Thread: .357 Sig
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Old 01-27-2010, 13:00   #11
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Originally Posted by Three-Five-Seven View Post
The best thing I learned on this site is to take the expander ball out of the sizing die for 357 sig. You can substitute the decapper from any straight walled set, as they don't have expanders.

You can get a chamfering tool just about anywhere, but an ordinary countersink bit will work just as well. When you take the expander plug out of the sizer, you really must chamfer cases to ease bullet seating.

If you continue to load with the expander ball in place, you are creating a potentially dangerous situation. When your bullets set-back in the case, due to insufficient neck tension, it can cause pressure spikes in your loads. These can actually be serious enough to blow your pistol up. So, clean up your act -- pronto!
This really depends on your dies. RCBS dies have had problems since they were introduced. They assumed it would load like a rifle, hence 2 dies, it really does not. It loads like any straight wall pistol case. I load 357sig on Dillon carbide dies, expander in place, slight flare w/ the powder through expander, good taper crimp. I have no setback isues using proper bullets. Full length sizing is turning the die down all the way until it touches the raised shell holder. You may have an early, poor set of dies from RCBS. They do not sise the case for proper headspace on the small shoulder. I would suggest the Lee dies w/a carbide 40 sizer ordered separate.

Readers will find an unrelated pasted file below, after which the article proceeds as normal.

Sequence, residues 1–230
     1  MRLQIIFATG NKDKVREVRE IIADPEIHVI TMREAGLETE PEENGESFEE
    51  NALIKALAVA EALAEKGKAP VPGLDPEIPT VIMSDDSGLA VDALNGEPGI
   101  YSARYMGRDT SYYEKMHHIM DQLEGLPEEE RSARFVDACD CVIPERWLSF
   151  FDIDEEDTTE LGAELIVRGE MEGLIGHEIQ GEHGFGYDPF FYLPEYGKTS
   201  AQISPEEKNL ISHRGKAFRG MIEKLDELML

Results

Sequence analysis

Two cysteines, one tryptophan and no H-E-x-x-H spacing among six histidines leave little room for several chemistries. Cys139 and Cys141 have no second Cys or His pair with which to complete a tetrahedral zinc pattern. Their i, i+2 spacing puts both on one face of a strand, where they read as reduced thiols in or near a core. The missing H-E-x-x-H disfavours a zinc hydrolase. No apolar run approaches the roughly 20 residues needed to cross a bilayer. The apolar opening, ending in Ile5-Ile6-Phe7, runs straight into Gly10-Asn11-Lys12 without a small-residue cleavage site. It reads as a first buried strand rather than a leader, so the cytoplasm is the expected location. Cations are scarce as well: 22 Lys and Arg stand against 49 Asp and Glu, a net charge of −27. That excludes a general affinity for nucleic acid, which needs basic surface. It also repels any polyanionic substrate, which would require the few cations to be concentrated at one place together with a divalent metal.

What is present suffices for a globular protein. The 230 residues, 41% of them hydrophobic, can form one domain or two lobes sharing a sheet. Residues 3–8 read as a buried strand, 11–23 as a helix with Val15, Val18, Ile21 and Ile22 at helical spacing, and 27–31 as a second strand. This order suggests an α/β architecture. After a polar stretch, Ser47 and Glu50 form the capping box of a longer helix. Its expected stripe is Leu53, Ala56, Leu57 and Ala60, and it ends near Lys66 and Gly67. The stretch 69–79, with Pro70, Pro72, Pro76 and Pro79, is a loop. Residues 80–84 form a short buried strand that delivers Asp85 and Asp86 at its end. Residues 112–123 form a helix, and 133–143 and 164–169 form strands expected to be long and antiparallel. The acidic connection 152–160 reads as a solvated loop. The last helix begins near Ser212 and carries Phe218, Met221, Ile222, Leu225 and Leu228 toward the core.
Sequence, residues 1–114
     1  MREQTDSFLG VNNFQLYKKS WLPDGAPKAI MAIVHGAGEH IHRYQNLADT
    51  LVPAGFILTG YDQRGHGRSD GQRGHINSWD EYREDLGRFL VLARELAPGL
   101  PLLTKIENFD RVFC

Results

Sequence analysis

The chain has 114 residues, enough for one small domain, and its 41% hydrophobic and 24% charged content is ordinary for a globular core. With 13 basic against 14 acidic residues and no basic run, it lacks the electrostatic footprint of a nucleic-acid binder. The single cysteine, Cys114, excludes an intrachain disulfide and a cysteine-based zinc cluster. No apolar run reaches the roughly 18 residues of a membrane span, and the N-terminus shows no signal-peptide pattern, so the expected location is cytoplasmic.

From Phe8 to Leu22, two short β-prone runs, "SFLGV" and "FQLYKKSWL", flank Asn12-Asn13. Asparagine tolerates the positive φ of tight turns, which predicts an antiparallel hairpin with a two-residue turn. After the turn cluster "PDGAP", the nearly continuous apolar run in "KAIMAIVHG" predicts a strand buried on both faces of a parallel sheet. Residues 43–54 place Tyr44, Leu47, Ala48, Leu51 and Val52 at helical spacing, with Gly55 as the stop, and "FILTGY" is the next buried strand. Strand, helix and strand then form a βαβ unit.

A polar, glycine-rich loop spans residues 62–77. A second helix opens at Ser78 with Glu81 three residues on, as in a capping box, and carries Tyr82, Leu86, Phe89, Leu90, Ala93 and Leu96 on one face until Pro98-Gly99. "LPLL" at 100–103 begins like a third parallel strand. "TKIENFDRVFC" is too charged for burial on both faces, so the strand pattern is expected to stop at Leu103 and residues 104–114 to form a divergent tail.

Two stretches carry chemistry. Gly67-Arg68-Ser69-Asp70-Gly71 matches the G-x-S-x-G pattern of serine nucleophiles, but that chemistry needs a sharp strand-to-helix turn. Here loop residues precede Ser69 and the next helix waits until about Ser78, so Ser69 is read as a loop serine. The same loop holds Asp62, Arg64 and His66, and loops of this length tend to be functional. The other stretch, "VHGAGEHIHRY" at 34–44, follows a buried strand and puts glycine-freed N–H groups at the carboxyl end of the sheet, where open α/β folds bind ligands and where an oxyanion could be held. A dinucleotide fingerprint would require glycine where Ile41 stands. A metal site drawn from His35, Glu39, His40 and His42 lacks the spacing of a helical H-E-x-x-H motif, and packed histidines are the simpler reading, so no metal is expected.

The 147grXTP just works, if your die setup is perfect. Measure the expander mandrel, it should be undersized, about 0.350" works. You can chuck it into a drill & polish it down. It sounds like you are pretty new to the reloading thing. I woudl put the 257sig aside until you get some add'l. exp. loading the 40s. You can mess up pretty badly trying to load 357sig w/ no experience. Your questions tell me you have not read a reloading manual or two. Research, there are no internet shortcuts.
"Given adequate penetration, a larger diameter bullet will have an edge in wounding effectiveness. It will damage a blood vessel the smaller projectile barely misses. The larger permanent cavity may lead to faster blood loss. Although such an edge clearly exists, its significance cannot be quantified".

Last edited by fredj338; 01-27-2010 at 13:06..
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